When we hear the word emergency, one of the most striking associations we tend to make is with chest pain and heart attacks. However all chest pain is not due to heart attacks and one needs to be aware of what the different kinds of chest pain are - as well as what the possible consequences are.
Though chest pain is one of the cardinal manifestations of cardiac disease, it is important to recognize that it may originate not only from the heart but also from other structures within the thorax (chest cavity) such as the aorta and pulmonary artery, lungs, pleura, mediastinum, esophagus, diaphragm, skin, muscles, carvicodorsal spine, costochondral junction, breasts, sensory nerves, spinal cord, stomach, duodenum, pancreas and gall bladder.
When evaluating chest pain, it is most important to obtain a proper history, delving into details of its location, spread (radiation), character, aggravating and relieving factors, time, duration & frequency, recurrence pattern, setting and associated symptoms.
It is also important to observe the patient's gestures. Clenching the first in front of the chest when describing the pain is a strong indication of cardiac origin of pain.
The chest pain of cardiac ischemia and an impending heart attack is described variously as pressing, squeezing, strangling, constrictive, bursting, or burning. "Band across chest",
"Weight in center of chest" is another description.
The pain normally spreads from the centre of the chest to the shoulders, the arms (especially the inner aspect of the left arm) neck, jaws and teeth. Emotions / effort / heavy meals / stress may precipitate it. The pain is normally relieved by rest. Such pain lasting for longer than 20 minutes may imply significant ischemia leading to a heart attack. A Nitroglycerine tablet kept under the tongue relieves the pain.
Not all cardiac pains have descriptions as above. There are some symptoms called 'Anginal equivalents' such as shortness of breath, discomfort localized to left arm, lower jaw, teeth (with people seeking a Dental opinion!) neck belching, indigestion, sweating or dizziness.
- Pulmonary Hypertension (PAH): High pressure in the pulmonary arteries reaching the lungs: The pain may be similar in quality to that of angina in character but it is more widespread in the chest and has no precipitating factors. Rest or Nitroglycerine does not relieve it.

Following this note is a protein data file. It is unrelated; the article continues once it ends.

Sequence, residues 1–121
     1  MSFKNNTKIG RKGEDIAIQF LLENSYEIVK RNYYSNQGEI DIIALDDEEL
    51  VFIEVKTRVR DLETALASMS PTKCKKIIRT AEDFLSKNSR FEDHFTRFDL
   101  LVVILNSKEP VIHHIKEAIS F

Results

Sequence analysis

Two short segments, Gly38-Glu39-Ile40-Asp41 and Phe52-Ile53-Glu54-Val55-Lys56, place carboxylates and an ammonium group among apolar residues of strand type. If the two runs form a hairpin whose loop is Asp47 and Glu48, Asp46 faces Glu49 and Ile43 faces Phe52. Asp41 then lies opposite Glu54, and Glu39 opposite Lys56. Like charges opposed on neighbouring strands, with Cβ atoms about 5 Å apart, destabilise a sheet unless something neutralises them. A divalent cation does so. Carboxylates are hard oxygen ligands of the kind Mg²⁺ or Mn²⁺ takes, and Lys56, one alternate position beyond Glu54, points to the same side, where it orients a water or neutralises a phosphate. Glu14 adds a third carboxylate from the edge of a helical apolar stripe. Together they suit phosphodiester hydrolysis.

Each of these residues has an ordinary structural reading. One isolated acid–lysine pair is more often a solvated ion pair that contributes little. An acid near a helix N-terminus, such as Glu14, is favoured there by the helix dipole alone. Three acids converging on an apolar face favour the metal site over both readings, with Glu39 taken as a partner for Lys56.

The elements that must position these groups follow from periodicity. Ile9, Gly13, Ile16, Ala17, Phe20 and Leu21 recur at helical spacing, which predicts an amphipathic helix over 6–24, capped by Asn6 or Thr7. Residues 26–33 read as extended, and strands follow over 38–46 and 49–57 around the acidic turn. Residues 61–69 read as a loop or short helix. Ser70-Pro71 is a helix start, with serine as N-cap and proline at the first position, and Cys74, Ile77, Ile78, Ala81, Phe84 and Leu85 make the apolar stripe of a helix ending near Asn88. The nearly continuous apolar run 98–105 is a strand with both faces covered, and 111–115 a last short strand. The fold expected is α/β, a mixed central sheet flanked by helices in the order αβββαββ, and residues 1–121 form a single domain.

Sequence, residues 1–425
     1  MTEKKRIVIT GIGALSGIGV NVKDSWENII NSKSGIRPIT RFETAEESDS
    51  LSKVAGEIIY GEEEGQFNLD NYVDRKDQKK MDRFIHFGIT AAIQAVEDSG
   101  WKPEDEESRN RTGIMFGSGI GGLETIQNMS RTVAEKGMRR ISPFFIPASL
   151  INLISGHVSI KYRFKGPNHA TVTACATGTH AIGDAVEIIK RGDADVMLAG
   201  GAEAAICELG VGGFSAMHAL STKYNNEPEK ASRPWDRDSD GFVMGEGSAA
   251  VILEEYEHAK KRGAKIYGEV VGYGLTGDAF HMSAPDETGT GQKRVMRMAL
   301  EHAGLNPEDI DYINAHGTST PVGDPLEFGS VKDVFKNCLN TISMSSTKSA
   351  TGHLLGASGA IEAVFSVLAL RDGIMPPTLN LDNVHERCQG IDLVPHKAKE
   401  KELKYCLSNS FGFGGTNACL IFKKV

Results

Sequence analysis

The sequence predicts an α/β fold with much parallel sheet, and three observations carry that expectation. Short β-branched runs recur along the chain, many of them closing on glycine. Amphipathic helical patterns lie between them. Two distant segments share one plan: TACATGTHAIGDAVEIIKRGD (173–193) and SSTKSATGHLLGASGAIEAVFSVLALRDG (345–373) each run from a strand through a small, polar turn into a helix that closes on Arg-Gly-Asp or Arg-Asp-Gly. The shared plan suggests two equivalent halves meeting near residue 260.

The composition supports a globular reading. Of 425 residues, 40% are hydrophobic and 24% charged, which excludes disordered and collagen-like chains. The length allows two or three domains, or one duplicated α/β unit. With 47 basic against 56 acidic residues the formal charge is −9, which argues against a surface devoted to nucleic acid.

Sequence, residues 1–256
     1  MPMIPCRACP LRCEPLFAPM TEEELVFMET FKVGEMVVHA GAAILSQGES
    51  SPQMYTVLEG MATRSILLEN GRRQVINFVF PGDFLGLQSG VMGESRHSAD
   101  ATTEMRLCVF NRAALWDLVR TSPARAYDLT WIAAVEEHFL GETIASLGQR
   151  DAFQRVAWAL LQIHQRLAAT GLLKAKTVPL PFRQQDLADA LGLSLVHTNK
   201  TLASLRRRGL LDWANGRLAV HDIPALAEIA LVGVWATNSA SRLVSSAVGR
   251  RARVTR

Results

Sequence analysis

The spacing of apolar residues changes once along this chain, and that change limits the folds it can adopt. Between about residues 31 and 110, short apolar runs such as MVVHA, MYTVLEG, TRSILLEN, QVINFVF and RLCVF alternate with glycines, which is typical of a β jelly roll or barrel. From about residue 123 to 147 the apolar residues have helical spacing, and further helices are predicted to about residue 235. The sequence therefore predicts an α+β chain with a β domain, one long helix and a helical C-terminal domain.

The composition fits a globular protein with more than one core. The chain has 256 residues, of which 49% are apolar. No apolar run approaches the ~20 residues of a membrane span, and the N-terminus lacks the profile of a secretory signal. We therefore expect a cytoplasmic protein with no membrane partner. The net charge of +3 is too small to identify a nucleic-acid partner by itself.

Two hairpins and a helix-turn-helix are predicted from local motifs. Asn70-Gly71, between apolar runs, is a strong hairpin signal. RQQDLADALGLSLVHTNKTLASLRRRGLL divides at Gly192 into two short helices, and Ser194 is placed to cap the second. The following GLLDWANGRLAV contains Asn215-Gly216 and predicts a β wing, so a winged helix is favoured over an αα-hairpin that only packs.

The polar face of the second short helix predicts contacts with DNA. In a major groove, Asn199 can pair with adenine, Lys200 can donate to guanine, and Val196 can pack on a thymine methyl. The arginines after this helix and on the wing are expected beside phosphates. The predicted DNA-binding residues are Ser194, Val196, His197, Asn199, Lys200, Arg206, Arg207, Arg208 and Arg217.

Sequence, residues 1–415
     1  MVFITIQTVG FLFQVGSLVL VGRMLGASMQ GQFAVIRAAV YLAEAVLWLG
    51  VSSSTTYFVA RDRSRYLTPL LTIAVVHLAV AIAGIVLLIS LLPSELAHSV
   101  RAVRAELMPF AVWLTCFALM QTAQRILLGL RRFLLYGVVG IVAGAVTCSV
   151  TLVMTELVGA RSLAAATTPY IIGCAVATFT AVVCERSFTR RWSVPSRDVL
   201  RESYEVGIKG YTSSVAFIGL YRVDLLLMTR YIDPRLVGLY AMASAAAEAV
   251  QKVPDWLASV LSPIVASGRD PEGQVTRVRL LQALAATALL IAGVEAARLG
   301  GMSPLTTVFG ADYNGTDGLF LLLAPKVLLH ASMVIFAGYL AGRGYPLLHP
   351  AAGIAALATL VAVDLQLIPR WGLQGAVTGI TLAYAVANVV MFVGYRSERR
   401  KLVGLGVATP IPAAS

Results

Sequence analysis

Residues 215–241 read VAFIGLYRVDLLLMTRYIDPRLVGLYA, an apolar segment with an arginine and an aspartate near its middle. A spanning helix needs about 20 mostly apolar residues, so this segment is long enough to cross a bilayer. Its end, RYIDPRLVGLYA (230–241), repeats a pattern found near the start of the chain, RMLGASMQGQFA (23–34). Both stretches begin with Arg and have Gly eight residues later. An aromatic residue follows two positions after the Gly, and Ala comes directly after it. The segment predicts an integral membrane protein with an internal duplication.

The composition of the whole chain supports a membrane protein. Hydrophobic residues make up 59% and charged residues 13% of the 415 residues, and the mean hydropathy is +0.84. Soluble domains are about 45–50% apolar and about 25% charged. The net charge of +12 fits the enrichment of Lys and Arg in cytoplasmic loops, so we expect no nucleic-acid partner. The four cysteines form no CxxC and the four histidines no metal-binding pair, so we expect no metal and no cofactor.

- Pericarditis: Inflammation of the tissue covering the heart is usually precipitated by a viral respiratory infection. Pain is sharper; more left sided and may be referred to the neck. It lasts for hours and is aggravated by breathing, twisting of the body and swallowing.
- Aortic Dissection: Splitting of the wall of the major blood vessel arising from left ventricle usually causes pain radiating to the back and most often there is a history of high blood pressure.
- Aortic Aneurysm: Dilatation of aorta can cause erosion of the spine and may cause localized boring pain, which may be worse at night.
- Esophageal Pain: Pain behind the chest bone and upper abdominal (epigastric) discomfort during swallowing may be due to spasm of the esophagus (food pipe) or inflammation of the esophagus. Usually the patient has acid reflux with Hiatus hernia (Herniation of stomach into the chest). Pain may be relieved with antacids. Difficulty in swallowing or acid brash (acid reflux in mouth) point to esophageal disease. It is most commonly present after meals and in supine position or bending. The pain may radiate to the back. Angina and esophageal disease may coexist and pose problems in differentiating the two from each other.
- Peptic Ulcer Disease: Pain may resemble cardiac pain but is often associated with food ingestion and is relieved by antacids.
- Acute Pancreatitis: The pain may resemble cardiac pain but it is usually precipitated by alcohol use (or) biliary tract disease. The location is normally in the upper abdomen and radiates to the back and may be relieved by leaning forward.
- Cervical Disc Disease: Superficial, dull, aching pain that lasts for variable duration and is provoked by movement of head and neck, relieved by analgesics and relieved by rest.
- Chest Wall Pain: Costochondritis or myositis is common in patients with fear of heart disease. There is always local muscle or costochondral tenderness, which is aggravated by moving or coughing. It may be due to Herpez zoster / chest wall injury or inflammation of costochondral joints.
- Chest Pain accompanied by Coughing of Blood (Hemoptysis): This suggests lung tumor or pulmonary embolism.
- Chest Pain with Fever: This suggests pleurisy, pneumonia or pericarditis.
- Psychogenic Chest Pain: This pain may be caused due to anxiety. Localized, dull, persistent ache is associated with emotional strain and is accompanied by palpitation, hyperventilation, numbness and tingling of extremities, sighing, weakness, panic attack. Pain may not be relieved by any medication. It is attenuated by rest, tranquilizers and Placebos.
Tumulty has aptly likened obtaining a meaningful clinical history to playing a game of Chess: "The patient makes a statement and based upon its content, and mode of expression, the Physician asks a counter question. One answer stimulates yet another question until the clinician is convinced that he understands precisely all of the circumstances of the patient's illness."
So when chest pain occurs, the best option is to seek medical help immediately and be cooperative and clear in describing the symptoms to your doctor. Not all chest pain is related to the heart. But remember - never ignore chest pain and always seek medical help. It could save your life.